In the endless quest to develop a golf ball that flies farther and straighter than its predecessors, the ball's cover material and its aerodynamics are important considerations. But the inside layers are also key factors in the ball’s performance. Material and design upgrades to a golf ball's interiors since the late 1990s offer today’s serious and casual golfers a better playing experience.
Manufacturers have put plenty of different materials inside of golf balls over the centuries, including wood, chicken feathers and latex. More recently, multiple-piece balls, known as “wound” balls, featured liquid or rubber cores wrapped in elastic bands. Wound balls began fading with the advent of modern multi-piece balls, beginning with Top-Flite’s groundbreaking Strata in 1996, which featured a solid rubber core wrapped in a firmer rubber mantle.
The wound ball was once a top choice of pro players because it was easier to control, even though it sacrificed distance relative to harder balls. Modern technology has replaced the windings with mantles of synthetic rubber or plastic. As of 2012, multi-layer balls contain from one to three mantle layers between the core and the cover. Each mantle helps to reduce the ball’s spin when it’s hit by a driver. Excessive spin causes the ball to soar higher in the air with a resultant loss of distance.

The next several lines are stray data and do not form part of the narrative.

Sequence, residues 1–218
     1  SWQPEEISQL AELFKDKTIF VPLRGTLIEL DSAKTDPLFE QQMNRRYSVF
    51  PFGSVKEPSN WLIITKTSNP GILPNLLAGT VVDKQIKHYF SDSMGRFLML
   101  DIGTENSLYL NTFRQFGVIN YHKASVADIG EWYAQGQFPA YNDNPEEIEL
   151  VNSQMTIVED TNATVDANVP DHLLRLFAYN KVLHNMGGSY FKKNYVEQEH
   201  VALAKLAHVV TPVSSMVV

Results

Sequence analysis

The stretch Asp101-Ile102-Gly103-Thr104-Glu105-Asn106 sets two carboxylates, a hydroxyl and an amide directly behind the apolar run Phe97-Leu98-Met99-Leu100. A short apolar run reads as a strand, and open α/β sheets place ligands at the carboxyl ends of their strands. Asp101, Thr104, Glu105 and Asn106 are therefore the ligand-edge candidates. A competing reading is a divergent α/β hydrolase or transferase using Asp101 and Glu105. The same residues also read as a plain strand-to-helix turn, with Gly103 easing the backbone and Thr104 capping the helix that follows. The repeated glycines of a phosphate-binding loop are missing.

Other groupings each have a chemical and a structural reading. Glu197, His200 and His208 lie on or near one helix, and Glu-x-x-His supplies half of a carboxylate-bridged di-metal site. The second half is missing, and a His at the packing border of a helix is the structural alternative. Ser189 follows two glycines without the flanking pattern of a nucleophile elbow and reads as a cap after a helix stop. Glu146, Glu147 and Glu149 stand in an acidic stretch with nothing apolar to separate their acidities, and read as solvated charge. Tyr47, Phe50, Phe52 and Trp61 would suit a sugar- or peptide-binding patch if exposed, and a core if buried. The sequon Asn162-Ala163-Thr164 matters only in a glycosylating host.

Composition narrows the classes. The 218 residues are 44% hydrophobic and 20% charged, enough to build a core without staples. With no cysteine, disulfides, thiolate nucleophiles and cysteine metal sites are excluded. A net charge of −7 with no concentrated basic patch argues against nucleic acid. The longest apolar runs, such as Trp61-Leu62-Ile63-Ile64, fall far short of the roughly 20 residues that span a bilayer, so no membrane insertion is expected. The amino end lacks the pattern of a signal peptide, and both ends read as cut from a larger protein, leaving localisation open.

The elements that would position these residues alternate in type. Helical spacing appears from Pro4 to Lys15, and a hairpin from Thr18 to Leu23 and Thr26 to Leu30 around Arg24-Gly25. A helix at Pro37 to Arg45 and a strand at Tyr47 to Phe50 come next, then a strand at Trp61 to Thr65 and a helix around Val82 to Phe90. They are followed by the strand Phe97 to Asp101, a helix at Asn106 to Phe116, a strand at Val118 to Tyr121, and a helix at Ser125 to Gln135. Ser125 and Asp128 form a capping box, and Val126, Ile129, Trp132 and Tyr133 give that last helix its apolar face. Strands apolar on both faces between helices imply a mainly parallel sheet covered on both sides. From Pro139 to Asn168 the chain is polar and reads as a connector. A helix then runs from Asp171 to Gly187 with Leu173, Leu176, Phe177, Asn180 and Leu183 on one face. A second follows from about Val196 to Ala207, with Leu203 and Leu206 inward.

Liquid cores are basically gone, replaced by a variety of synthetic rubber materials, with polybutadiene – a polymer that combines elasticity with the ability to rebound quickly – a popular choice. A recent Nike golf ball uses a very lightweight resin core designed to reduce spin on drives while maintaining control with short iron shots, thereby limiting the gap in the distance vs. control trade-off.
The Five-Piece Ball
TaylorMade created the first five-piece ball (cover, core and three mantles) in 2009. The soft rubber core limits the ball’s spin rate off the tee. Each of the three mantle layers then becomes progressively firmer. The innermost mantle layer is made from soft synthetic rubber. The middle layer is constructed with HPF 1000 (a thermoplastic polymer), with the outer mantle made from firm thermoplastic. The ball is designed to give high-level golfers the best of both worlds, providing lower spin rates (resulting in greater distance) on drives and high spin rates (permitting more control) when struck by lofted clubs.